Wednesday, January 13, 2016

Burgruine Thierstein

Ever drive up or down A93 near Marktredwitz, to see a tower and castle staring at you? We must have drove past Burgruine Thierstein countless times. Taking advantage of the fact that there was no snow during winter break we decided to head up to these ruins.

 The castle ruins Thierstein is located on a highly visible basalt rock. well-preserved, 24 m high made ​​of granite rubble. The origins of the town are closely linked with the construction of the castle. After the founding of the manor, the first farmers and artisans to settle, which were responsible for the care of the castle dwellers and were used for defense in wartime. Thierstein was built in 1343. The Spur castle was on a narrow, directed to the northeast basalt spur built by an in southwest moat is separated from the inland side terrain. A second moat, of the elongated outer bailey from the main castle separated, was filled in the 19th century.

The highly visible ruins are a popular tourist destination. From surviving donjon, you can enjoy a panoramic view of the entire interior of Fichtelgebirges well into the Egerland.

We parked in front of the Tourist Information and followed the signs to the Burgruine. There was a sign with a key on it, which I took to mean that we had to pick up a key to the castle. (How cool would it be to be the Key holders to a castle?) Unfortunately, when we got to the top we had no idea where to go!

We talked about heading back to the car, and heading home, when I noticed that the gate was unlocked! There was a German family already inside, we were lucky enough to catch them as they were heading out. They even took time and explained some of the castle information to us. They gave us the key and told us where to drop it off. For future reference--the white house on the left before you reach the castle, in their newspaper mail slot, you can find the key--if not ring the door bell and the key keeper will be happy to bring it to you. They do ask for a 1.50€ donation per person for up keep of the ruins.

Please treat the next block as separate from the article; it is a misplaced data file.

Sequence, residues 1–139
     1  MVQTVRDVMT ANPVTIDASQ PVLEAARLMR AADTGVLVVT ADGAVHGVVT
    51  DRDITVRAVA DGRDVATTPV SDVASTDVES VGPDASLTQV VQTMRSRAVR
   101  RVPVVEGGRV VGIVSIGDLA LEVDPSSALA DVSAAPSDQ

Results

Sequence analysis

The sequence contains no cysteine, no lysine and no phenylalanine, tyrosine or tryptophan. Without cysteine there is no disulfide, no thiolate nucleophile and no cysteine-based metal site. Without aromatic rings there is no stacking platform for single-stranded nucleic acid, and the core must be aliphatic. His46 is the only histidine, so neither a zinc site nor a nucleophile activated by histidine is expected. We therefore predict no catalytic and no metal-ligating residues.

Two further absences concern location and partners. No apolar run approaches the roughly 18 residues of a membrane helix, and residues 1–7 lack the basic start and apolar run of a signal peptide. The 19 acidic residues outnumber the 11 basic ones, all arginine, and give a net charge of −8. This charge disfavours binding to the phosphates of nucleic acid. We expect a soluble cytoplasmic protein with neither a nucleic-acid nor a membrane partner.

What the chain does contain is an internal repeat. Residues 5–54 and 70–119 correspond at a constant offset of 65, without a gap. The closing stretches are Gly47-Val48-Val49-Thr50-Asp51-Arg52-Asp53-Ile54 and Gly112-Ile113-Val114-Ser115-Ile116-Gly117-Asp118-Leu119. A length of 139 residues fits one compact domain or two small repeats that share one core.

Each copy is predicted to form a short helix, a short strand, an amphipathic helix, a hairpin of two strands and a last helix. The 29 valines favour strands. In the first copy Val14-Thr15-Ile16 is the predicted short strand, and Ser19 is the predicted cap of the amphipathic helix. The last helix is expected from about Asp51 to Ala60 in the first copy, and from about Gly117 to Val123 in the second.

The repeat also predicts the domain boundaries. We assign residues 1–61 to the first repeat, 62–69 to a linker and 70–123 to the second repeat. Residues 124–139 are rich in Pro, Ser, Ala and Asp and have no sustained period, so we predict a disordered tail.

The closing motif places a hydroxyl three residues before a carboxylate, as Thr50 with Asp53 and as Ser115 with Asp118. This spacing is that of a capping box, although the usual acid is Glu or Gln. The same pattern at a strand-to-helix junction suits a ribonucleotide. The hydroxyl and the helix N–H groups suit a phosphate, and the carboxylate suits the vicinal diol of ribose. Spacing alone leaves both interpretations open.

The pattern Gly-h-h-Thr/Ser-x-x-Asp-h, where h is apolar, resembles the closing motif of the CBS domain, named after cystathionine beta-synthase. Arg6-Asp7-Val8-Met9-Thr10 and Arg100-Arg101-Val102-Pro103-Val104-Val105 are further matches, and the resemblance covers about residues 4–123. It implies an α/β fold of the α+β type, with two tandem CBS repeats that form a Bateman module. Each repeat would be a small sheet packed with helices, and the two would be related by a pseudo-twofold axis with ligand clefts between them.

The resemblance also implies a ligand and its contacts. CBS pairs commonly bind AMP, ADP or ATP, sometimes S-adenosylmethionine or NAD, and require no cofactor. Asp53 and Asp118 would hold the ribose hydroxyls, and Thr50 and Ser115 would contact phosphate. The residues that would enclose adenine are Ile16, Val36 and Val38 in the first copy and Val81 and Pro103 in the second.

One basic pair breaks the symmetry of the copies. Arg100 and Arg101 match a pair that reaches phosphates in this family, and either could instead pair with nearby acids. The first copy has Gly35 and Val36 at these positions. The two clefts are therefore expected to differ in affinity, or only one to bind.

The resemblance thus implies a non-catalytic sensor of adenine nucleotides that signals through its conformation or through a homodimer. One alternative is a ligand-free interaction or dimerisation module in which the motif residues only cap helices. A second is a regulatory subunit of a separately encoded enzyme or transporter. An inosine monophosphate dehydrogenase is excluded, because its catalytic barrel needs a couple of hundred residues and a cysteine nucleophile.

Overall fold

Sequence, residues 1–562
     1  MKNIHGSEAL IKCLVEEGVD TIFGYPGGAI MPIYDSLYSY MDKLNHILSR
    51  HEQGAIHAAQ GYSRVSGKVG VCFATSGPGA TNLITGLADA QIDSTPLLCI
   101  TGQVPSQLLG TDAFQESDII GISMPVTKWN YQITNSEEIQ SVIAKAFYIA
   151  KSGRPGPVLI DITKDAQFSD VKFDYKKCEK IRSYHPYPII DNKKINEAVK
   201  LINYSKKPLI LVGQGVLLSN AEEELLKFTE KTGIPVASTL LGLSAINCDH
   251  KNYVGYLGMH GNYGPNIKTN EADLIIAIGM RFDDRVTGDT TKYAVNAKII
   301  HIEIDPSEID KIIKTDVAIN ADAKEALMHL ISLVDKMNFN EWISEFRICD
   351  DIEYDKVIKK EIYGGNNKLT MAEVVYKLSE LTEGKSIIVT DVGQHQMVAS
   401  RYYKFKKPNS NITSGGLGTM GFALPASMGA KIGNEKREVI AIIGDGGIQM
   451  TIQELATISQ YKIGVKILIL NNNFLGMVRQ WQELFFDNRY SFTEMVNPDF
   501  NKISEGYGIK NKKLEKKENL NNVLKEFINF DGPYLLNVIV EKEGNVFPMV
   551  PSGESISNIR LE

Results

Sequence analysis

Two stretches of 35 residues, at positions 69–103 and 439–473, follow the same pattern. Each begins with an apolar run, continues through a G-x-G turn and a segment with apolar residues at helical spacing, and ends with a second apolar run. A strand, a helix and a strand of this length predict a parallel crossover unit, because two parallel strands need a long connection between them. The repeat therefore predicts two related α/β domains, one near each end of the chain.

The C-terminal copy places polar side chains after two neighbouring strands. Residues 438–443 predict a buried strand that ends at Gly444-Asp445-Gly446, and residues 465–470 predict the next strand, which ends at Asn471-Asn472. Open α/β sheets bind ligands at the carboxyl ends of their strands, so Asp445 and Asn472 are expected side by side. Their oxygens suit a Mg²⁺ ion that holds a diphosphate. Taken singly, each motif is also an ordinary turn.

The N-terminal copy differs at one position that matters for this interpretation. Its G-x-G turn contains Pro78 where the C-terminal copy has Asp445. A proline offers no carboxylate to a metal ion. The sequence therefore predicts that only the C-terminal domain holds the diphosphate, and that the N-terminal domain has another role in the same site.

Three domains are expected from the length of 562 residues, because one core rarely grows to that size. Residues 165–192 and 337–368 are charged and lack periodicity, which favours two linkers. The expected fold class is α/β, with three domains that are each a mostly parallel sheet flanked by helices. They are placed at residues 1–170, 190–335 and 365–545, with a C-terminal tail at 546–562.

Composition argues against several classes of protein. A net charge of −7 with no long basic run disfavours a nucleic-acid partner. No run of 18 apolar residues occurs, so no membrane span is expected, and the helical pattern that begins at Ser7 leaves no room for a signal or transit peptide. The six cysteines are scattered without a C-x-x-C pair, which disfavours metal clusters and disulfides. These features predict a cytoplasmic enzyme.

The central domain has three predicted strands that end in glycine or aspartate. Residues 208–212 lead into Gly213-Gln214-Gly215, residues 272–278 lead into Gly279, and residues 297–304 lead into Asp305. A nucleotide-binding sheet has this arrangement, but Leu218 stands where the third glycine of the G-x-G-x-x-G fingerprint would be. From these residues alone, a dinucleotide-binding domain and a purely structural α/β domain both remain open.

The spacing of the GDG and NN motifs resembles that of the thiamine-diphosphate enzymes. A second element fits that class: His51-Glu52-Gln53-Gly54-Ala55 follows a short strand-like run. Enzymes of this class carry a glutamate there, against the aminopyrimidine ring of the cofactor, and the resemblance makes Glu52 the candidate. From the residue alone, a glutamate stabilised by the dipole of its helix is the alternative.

We walked around the inside of the ruins--the ruins it self is pretty small. There is a stage in the center of the ruins, during the summer they hold a week long concert there! I love finding ruins that do this. One day I'll be able to say I've attended a concert in a castle ruin!

The main focal point of this ruin is the tower. Since you can see it from the Autobahn, we figured it would give us the best views. The top of the tower didn't disappoint. The only problem--I'm afraid of heights! We started climbing the stairs and by the time we got to the second landing, I told Drew I couldn't go higher.

Luckily Drew isn't afraid of heights, and he took Rylie off leash and let her run up the stairs. It was the perfect place to let her run around since there was only one way up and down. They seemed to have a good time. Drew called it the never ending tower, apparently the tower went up for 4 more floors! I'm glad I stopped when I did. 

But if you're pretty brave I'd keep climbing, there are medieval weapons, maps of the old floor plan, info about the castle (for those who can read German), but the best part is the top floor. It is a little tight, the opening was barely big enough to fit Rylie (and she's only 40 lbs). 

Drew said he basically had to lay down on the steps in order to get through the opening to the top. Drew said that at the top floor there were windows that faced out in all directions, and even had the compass directions (N, S, E, W), the windows were able to open and there was even a sign that told you what town you were looking at.

Drew and Rylie had a great time up there. Rylie even tried to look out of every single window. The views from the top were apparently amazing. It makes me kinda wish I was able to get to the top. But I happily stayed at the bottom enjoying  my view of the Autobahn.

But if you're like me and heights aren't you're thing, still take the time and visit this ruin Since we pass this ruin all the time while driving home, I was glad we were finally able to see it! Plus, it is a well-preserved ruin.